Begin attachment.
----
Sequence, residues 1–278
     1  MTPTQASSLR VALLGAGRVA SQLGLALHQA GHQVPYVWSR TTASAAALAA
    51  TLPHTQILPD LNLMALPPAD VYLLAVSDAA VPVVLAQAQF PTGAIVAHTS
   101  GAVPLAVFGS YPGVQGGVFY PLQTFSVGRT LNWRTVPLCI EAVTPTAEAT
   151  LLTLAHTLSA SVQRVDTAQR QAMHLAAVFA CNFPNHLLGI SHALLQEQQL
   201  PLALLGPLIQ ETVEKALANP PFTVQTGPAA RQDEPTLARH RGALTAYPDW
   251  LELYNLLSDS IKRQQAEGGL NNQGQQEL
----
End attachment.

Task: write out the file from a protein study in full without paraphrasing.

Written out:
Sequence, residues 1–278
     1  MTPTQASSLR VALLGAGRVA SQLGLALHQA GHQVPYVWSR TTASAAALAA
    51  TLPHTQILPD LNLMALPPAD VYLLAVSDAA VPVVLAQAQF PTGAIVAHTS
   101  GAVPLAVFGS YPGVQGGVFY PLQTFSVGRT LNWRTVPLCI EAVTPTAEAT
   151  LLTLAHTLSA SVQRVDTAQR QAMHLAAVFA CNFPNHLLGI SHALLQEQQL
   201  PLALLGPLIQ ETVEKALANP PFTVQTGPAA RQDEPTLARH RGALTAYPDW
   251  LELYNLLSDS IKRQQAEGGL NNQGQQEL